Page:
• The Cheetah

    I don’t need to detail the popularity and mass following Carroll Shelby’s magical original Cobra had. The Cobra had it all; aggressive looks, exclusivity, immense sound-track, barn-storming performance, and all the character of the man who created it. Yet much of what makes the Cobra so special, at least, in the US, is its impressive racing pedigree. From the launch of the original 260ci powered Cobra in 1962, right through to the monstrous 427 three years later (and which remained in production until 1967), the Cobra had few true rivals in motorsport. But really, how much true competition did the Cobra actually have?

    With Fords input, the Cobra was created as a competitor for Chevrolets Corvette, both as a marketing tool, and as a race car. It didn’t start out that way, of course, as Shelby first approached G-M about supplying him with engines for the car when still at concept stage, but after they turned him down, he was able to sell the idea to Ford.

    In competition, the Cobra competed in sports production racing, as rival to the Corvette. On debut at Riverside in 1962, Bill Krause, driving CSX2002, pulled out and passed the leading Corvette of Dave MacDonald early in the race, and proceeded to draw away, until sidelined with a broken wheel hub. But from that point on, the Cobra had little on-track competition.

    The FIA production sports car Grand Touring division required that at least 100 identical units be produced within 12 months, which really meant that any real Cobra competitor required manufacturer support. The Corvette did, but G-M were deep into their no-racing ban, and although Zora Arkus-Duntov initiated plans to have a limited number of special lightweight Corvettes built, fitted with alloy 377ci engines, and homologated for GT racing, G-M knocked the Grand Sport project on the head after only five cars were built. The Grand Sport proved it would have been a genuine competitor to the Cobra, having been significantly faster when they went head-to-head in late 1963 at Nassau, but would never get to face the Cobra in GT competition.

    Other companies, such as Rootes Group in the UK, and Cobra racer Jack Griffith in the US, sought to jump on the Cobra band-wagon, producing small block Ford V8 powered sports cars (Sunbeam Tiger and TVR Griffith) that were produced in the required numbers, but that were really intended to mimic the Cobra’s success, rather than de-throne it. British company Ginetta built a small block Ford V8 powered car called the G10, but only six of these were produced.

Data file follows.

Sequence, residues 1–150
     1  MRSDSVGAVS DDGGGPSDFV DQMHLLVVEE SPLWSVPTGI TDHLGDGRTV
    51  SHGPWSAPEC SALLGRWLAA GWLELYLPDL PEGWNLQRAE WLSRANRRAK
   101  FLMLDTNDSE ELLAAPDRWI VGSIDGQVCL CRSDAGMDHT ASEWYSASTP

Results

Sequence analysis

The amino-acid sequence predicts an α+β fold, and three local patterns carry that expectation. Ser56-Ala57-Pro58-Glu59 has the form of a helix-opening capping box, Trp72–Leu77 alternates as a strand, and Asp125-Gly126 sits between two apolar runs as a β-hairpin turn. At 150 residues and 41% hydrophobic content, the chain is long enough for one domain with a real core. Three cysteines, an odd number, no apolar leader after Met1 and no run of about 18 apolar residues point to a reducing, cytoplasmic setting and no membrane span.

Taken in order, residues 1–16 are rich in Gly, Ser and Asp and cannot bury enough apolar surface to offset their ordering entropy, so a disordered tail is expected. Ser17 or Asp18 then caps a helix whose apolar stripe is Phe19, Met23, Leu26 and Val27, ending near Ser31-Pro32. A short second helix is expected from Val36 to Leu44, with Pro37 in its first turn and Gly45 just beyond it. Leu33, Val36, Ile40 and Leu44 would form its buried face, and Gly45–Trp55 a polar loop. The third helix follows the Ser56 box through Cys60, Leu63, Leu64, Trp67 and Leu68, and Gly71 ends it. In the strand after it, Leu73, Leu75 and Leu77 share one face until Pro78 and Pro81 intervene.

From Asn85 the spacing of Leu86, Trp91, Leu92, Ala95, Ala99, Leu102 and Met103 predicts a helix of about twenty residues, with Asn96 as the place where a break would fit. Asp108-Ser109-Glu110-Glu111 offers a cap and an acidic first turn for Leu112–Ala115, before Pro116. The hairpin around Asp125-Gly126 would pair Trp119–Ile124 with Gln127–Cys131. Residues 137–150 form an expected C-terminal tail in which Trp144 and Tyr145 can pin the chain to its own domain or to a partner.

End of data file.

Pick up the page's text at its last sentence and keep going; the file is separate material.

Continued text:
However, the Cobra’s on track success may have been very different had one man realized his own ambitious plans. Bill Thomas, of Bill Thomas Race Cars, had built quite a reputation by the early ‘60s for building successful racing Corvette’s and for his powerful Chevy race engines. With the death of the Grand Sport before it had even got off the ground, Thomas proposed another G-M based production car, the Cheetah, which would be designed specifically to knock the Cobra off its perch.

    With close G-M ties, Thomas’ concept was sound. Rather than G-M have to go to the hassle of building specialist parts, Thomas’ Cheetah would utilize as many production Chevy parts as possible, fitted into a purpose-built chassis, which his own company would design and build, to the minimum 100 units required. Each production Cheetah would be assembled at Thomas’ own workshops. All G-M had to do was supply the required parts, and some funding, and Thomas would take care of the rest.

    The Cheetah was an impressive machine. It featured a 90 inch wheelbase, and although the first two cars built (including the prototype) would have alloy bodies, the production cars would all have fiberglass bodies. Underneath was a Don Edmunds designed chrome-moly tube-chassis semi space-frame, in which the Thomas fettled 520hp 377ci fuel-injected Chevy engine sat so far back, the Muncie M21 was connected directly to the Positraction diff. G-M cerametalic drum brakes were fitted all-round, and each finished production Cheetah weighed just 1,700 pounds (770kg).

    Jerry Titus test drove the prototype at Riverside in 1963, and as technical editor for Sports Car Graphic magazine, his opinion carried a lot of weight. And his glowing report brought a flood of orders for Thomas. One car was sent to G-Ms Milford Proving Grounds for testing, and produced some impressive results. The Cheetah still had plenty of bugs that needed ironing out, such as extreme cock-pit temperatures, chassis flex, and lack of engine cooling, but these could have been sorted.

    However, it mattered little, as G-M soon made it clear they weren’t going to provide the support needed. Additionally, Thomas’ workshop caught fire after only 11 cars had been completed, with around five additional cars still being built. Although most survived, the Cheetah project died, and Cheetah owners were left to race against much more radical competition in Modified Sports classes, though still managed to notch up numerous race wins.

    Sadly, the Cheetah would never get to face the car it was designed to topple, the Cobra, and like the Grand Sport, will remain a case for Chevy racing enthusiasts of what might have been.
    This article was originally published in forum thread: The Cheetah started by Steve Holmes View original post